Why Do My Glasses Make Things Look Slanted?

If you experience things looking slanted with your glasses and you want to know why. You are in the right place. Here you will see why this happens and what you could do about it to minimize this effect.

When things look slanted the cause comes from the prescription for each eye or from the information your brain receives from both eyes playing together.

Astigmatism in your prescription and what it has to do with a slanted perception?

Oftentimes when the astigmatism is corrected for the first time or if astigmatism changed in the new prescription. Astigmatism in general deviates the light in two oppositely laying directions more compared to the remaining two directions.

This can give you a perception of everything looks squeezed a bit. Somehow taller or thicker and smaller. However, this only is true if astigmatism is positioned horizontally or vertically.

But oftentimes astigmatisms need to be placed in an oblique position to correct the person perfectly. This leads to a perfectly clear image. However, your brain perceived a certain object before you have got your new prescription as straight. And all of a sudden the new glasses shift and squeeze the image into another position.

slanted image with glasses shown
Look at the both images and compare how the slanted the image gets on the left compared to the right. In the left the astigmatism is placed in a oblique way. On the right the same astigmatism is placed in a vertical way.

Then your brain will need some time to learn again what once was straight and upright is still upright and straight with the new prescription. Usually, this takes a few days until a couple of weeks. Depending on how severe your needed change in lens power is.

You can fight this effect with the following two options:

  • Contact lenses
  • Atoric lens designs

The closer the lenses get to your eye the lesser you will perceive things in a slanted way. However, with eyeglasses, this effect can only go away after time when your brain adjusts to the new visual experience.

With contact lenses, you will not have to bother with this effect. There is less time needed to adapt to contact lenses and how you see the world. Adaption happens often almost in no time with contacts.

If contact lenses are not an option and you do want to have the shortest time for the adaption period it makes sense to use atoric lenses. They have an optimization that improves the visual experience in the periphery. Especially when you want to buy a bigger frame in combination with higher astigmatism of 2 diopters or more this makes sense.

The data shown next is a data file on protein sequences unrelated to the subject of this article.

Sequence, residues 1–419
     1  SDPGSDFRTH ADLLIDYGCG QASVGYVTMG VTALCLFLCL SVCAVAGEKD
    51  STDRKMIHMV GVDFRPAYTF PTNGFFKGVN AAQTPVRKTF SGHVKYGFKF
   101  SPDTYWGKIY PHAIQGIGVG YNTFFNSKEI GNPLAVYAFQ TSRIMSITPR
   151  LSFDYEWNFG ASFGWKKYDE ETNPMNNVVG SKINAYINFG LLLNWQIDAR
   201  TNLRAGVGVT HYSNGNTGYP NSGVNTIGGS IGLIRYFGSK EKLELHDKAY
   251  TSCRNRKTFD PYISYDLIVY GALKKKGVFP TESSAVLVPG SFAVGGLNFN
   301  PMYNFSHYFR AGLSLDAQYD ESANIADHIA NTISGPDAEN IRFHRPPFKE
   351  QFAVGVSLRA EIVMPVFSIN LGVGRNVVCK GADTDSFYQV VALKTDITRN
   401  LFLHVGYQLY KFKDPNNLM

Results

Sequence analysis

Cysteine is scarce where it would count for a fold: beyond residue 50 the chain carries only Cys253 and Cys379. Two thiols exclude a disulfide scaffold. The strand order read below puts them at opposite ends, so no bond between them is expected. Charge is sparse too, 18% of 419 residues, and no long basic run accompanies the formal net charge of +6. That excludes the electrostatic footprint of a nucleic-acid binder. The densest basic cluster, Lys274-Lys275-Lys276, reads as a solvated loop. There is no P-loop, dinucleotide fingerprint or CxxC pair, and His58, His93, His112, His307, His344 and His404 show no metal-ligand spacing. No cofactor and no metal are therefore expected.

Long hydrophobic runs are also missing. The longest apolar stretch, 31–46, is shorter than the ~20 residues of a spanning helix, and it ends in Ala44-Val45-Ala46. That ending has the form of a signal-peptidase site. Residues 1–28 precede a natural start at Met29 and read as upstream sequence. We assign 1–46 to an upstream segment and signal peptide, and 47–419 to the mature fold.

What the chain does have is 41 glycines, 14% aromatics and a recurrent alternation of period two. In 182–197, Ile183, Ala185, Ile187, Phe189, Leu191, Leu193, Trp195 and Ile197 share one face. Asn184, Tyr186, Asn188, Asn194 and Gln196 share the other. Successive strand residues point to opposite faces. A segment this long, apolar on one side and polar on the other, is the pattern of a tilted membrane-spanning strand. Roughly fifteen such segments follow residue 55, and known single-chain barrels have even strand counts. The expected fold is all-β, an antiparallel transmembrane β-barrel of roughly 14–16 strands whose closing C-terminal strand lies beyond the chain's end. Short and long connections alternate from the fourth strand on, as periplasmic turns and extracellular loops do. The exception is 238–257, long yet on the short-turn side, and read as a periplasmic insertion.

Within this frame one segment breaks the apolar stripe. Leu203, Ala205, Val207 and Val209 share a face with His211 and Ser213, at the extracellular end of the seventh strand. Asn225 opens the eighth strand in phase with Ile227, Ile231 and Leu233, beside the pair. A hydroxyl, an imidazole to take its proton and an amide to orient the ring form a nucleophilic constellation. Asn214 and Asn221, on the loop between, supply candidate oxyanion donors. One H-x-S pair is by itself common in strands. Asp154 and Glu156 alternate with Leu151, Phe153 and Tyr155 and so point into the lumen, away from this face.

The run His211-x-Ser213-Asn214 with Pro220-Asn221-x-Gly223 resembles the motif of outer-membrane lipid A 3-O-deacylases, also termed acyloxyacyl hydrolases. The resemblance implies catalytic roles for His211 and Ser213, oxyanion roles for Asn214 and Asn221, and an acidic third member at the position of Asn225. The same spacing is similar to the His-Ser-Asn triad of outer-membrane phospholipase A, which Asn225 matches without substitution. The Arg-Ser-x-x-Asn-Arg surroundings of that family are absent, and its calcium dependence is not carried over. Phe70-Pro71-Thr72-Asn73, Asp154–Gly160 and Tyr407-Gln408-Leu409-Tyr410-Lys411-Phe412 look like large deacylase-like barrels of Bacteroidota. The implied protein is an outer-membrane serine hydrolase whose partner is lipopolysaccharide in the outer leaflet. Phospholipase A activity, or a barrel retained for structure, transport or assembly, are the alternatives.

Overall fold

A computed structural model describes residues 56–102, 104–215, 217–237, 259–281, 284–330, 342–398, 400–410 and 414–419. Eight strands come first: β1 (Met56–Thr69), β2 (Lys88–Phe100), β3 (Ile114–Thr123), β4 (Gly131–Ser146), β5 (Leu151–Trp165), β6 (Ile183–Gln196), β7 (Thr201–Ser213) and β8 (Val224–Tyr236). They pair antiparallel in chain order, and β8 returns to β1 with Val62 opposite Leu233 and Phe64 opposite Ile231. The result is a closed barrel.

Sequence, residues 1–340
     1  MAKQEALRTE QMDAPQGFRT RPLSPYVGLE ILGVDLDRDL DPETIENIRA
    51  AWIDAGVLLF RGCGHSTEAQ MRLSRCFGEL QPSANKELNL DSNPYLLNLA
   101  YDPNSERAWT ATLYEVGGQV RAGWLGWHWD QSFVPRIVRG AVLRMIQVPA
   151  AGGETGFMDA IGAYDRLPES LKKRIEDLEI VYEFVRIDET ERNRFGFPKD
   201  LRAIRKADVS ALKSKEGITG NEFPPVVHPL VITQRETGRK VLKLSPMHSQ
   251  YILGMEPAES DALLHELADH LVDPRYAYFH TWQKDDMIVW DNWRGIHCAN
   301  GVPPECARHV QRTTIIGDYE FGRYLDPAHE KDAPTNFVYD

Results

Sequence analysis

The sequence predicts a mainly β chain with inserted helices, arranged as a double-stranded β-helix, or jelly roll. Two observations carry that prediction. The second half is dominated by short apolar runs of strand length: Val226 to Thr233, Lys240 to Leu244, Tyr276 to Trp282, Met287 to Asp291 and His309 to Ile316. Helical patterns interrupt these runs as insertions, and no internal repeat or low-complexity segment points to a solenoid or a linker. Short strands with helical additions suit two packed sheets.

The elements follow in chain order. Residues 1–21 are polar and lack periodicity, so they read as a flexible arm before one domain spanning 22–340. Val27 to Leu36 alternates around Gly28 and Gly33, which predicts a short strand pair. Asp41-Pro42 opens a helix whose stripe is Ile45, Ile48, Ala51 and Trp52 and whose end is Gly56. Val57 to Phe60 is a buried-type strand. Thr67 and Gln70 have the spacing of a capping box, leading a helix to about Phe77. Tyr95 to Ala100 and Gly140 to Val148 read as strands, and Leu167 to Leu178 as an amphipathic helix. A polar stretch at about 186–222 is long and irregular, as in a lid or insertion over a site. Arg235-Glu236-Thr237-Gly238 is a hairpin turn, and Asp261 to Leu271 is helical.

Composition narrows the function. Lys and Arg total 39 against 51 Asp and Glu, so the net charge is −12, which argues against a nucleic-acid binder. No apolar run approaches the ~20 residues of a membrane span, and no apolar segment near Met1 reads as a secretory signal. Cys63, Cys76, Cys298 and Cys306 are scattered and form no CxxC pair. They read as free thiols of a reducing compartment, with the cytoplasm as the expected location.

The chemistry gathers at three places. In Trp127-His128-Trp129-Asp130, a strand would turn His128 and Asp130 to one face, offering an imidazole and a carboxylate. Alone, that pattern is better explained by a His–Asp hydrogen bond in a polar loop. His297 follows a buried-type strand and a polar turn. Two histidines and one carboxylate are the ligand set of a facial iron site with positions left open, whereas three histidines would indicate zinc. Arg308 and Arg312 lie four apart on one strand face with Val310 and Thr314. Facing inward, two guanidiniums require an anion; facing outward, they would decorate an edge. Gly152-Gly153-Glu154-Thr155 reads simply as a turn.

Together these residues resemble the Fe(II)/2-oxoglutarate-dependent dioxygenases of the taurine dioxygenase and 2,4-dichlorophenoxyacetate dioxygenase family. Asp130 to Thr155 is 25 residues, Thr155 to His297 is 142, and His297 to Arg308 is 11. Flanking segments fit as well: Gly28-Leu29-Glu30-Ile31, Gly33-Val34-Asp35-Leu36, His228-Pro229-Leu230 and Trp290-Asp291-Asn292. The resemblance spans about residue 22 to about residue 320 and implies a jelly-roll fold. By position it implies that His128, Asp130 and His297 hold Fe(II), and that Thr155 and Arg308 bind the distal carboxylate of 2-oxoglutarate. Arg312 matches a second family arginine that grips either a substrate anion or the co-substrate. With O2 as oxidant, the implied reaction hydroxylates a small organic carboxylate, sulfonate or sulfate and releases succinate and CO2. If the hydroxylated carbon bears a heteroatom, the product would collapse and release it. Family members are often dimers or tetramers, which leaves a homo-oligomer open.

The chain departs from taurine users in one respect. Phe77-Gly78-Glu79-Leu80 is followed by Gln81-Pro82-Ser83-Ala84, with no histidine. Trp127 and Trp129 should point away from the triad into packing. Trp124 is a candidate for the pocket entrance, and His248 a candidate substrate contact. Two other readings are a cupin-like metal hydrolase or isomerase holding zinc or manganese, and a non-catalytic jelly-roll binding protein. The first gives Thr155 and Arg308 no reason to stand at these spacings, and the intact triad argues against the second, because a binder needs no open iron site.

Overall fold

Different Lens Powers for Each Eye and the Problem When Things Look Slanted

In the first paragraphs, we talked about astigmatism and how it can change the way how you perceive things. Astigmatism gets measured for each eye individually. However, in the real world, both eyes need to work together optimally to give you a perception of depth.

But what happens when the prescription is vastly different from the right eye to the left eye? In such a case each eye receives the light in the back of the eye in a slightly another way. This leads to slightly different sizes of the picture in the back of each eye.

As both images get fused together in the visual cortex in your brain the result will be straight lines look slanted. Like if you look at a TV it looks smaller on one side compared to the other.

This effect as the one described before will go away over time when your brain adapts to the new visual experience. This can take a few hours up to a few weeks. This depends on how fast you can adapt and how big the difference in prescription is between your eyes needs to be.

In some cases, people can not adapt to the big difference between both eyes. The solution here would be contact lenses. As stated before atoric lenses in the glasses or also aspheric lenses can minimize this effect a little but it will not go away with glasses. The time to adapt can be a little reduced.

But only when your brain gets used to the two different sizes of the pictures it perceives things will go back to a normal shape.

If you experience this slated visual effect a second appointment should be made with your eye care professional to see how your eyes play together. Because in some cases if the brain can not fuse the pictures from both eyes it suppresses one eye and favors the other.

If this happens your perception of depth will suffer. This should be checked in the following days and weeks after you received your new glasses to prevent suppression.


It is always a good thing to speak about what you experience with your new glasses or contact lenses. Only when the professional knows he can react and can improve things for you. So do not hesitate to tell the optician, optometrist, or ophthalmologist about your glasses making things look slanted.

He will then observe and check what next step would be best for you.

I wish you a great day.

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